We’re often asked by clients a variation of the “chicken and egg” question: Which comes first, the brand or the purpose? And the answer is … it depends. Many companies with a well-defined brand seek to imbue it with a sense of purpose. In this case, the challenge is to identify a purpose that is both authentic to the company and supports – and is in turn supported by – the brand. This was the case with a client of ours, a global investment bank with a brand based on the idea of connection – between the bank and its clients, and among the bank’s global workforce, who collaborate across borders to benefit clients. Its purpose statement, developed with input from senior leaders and employees, is “to create exceptional opportunities for our clients, colleagues and communities to thrive.” Underlying the purpose is the connections among clients, the firm’s employees, and the communities in which they all live and work. The brand and purpose are symbiotically aligned.

A more common scenario is when a company wants to create a new brand and identify a purpose at the same time. This is the case when a global consulting firm asked DeSantis Breindel to create a new brand to reflect several major acquisitions. The firm wanted to honor its long-standing legacy of working with not-for-profits and government agencies by building a sense of purpose into the brand. The brand we created was all about the company’s rare ability to take on complex challenges: “Let’s make big things possible.” The purpose statement we developed in partnership with the firm’s leadership provided some definition of what the company meant by “big things”: “… to build a more prosperous and resilient world for all.” Again, brand and purpose support each other.

Sometimes a company has a strong purpose but wants a new brand. A Fortune 500 specialty chemicals company with a growing focus on the energy industry had a century-long legacy of supporting the global communities where it had operations; this legacy was deeply ingrained in the company’s culture. But there was no connection between this strong sense of purpose and the company’s brand. We created a new brand that honored the legacy of the company’s purpose while connecting it to the industry it was targeting for growth. “Powering the Potential of People” is both a brand statement (the company’s chemicals are transforming the power industry by tapping the potential for energy storage) and a statement of purpose (what they do helps people realize their potential).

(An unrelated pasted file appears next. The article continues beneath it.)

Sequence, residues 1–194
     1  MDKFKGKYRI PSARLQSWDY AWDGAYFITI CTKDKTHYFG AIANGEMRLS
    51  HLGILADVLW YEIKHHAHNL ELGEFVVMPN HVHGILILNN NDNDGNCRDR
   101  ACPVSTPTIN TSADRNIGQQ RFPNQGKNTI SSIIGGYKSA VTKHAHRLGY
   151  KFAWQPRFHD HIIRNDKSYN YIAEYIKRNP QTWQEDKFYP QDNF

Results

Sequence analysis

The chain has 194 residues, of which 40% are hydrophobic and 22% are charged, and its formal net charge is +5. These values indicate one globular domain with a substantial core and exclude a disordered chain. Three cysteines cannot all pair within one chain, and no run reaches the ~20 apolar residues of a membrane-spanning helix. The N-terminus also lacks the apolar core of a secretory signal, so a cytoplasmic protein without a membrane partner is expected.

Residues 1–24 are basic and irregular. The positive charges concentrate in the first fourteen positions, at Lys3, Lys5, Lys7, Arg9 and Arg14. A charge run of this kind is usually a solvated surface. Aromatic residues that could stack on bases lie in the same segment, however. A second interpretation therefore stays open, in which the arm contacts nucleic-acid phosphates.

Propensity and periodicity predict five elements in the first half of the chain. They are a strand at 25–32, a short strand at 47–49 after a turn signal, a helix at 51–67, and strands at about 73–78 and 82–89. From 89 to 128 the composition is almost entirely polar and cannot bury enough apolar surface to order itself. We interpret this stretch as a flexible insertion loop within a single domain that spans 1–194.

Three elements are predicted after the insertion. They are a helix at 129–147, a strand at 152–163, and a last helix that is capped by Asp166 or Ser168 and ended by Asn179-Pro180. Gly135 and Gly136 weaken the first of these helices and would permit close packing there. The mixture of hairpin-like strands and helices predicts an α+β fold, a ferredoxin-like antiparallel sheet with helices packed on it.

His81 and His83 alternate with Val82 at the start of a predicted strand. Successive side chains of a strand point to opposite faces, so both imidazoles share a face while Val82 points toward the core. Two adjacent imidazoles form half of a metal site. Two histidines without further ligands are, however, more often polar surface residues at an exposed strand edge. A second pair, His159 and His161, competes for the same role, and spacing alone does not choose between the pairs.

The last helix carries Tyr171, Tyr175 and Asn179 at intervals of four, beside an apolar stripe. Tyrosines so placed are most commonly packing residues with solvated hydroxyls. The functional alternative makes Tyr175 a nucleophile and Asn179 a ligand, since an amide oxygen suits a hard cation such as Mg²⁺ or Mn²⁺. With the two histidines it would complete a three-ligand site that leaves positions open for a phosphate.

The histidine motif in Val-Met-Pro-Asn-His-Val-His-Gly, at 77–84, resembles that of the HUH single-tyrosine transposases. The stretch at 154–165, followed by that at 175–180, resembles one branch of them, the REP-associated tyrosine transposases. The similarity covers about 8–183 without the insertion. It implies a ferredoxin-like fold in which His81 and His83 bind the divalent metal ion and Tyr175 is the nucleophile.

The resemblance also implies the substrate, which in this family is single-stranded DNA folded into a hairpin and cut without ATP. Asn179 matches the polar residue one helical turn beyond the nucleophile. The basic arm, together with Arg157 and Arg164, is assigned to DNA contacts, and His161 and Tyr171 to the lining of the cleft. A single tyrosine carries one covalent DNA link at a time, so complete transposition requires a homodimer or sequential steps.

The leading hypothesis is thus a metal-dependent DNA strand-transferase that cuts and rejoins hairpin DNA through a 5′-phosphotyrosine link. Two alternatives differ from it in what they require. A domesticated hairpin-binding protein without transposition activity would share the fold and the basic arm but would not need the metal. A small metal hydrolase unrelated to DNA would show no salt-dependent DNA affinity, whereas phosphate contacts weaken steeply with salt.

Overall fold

Make it authentic

Like brands, purpose statements are only effective if they are authentic to the business itself. And as with brands, this means that purpose must be reflected in behaviors. The investment banking firm mentioned above, seeking to live up to its stated purpose of “creating opportunities to thrive,” encourages its people to reach out proactively to clients with perspectives and advice that could help them grow – regardless of whether or not there was potential for an immediate transaction. CVS “lived” its purpose – “Bringing our heart to every moment of your health” – by banning cigarette sales in its stores, foregoing a lucrative source of revenue.

While the impact of the COVID pandemic may be waning, the eagerness for purpose-driven brands shows no sign of abating. Identifying, communicating, and living a purpose-driven brand usually requires an investment of time, energy, and resources. But the investment more than pays off in a more engaged workforce and deeper customer relationships.

About the author

Seth Margolis

Seth Margolis is a Senior Strategy Director who has spearheaded branding efforts for financial services, professional services and technology companies, as well as for not-for-profit organizations.